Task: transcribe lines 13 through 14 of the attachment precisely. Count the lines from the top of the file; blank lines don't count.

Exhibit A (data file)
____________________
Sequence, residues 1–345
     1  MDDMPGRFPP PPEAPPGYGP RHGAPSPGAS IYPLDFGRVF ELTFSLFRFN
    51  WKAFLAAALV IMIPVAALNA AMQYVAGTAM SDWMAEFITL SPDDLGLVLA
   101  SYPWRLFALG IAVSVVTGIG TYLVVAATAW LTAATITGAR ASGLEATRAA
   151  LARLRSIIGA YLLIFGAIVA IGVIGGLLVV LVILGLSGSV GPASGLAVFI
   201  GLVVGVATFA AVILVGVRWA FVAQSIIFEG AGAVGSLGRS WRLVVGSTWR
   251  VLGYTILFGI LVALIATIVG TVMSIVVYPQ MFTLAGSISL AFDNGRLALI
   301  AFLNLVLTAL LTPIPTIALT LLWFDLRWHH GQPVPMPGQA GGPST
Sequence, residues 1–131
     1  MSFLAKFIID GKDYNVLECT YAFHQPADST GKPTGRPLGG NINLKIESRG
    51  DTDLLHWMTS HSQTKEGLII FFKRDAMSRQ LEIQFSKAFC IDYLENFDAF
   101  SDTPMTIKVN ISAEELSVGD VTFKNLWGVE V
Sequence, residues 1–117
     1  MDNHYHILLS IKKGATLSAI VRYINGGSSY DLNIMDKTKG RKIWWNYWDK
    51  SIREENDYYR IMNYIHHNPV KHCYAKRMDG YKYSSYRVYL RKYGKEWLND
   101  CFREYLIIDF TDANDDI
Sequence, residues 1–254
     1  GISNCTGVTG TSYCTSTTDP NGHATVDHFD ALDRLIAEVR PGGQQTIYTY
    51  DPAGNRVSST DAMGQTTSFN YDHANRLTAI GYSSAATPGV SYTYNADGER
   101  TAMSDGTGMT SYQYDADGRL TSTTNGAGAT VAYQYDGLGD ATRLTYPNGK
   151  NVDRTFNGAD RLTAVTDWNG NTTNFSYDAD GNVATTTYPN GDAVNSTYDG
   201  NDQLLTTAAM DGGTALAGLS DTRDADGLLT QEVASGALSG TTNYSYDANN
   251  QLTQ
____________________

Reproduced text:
Sequence, residues 1–117
     1  MDNHYHILLS IKKGATLSAI VRYINGGSSY DLNIMDKTKG RKIWWNYWDK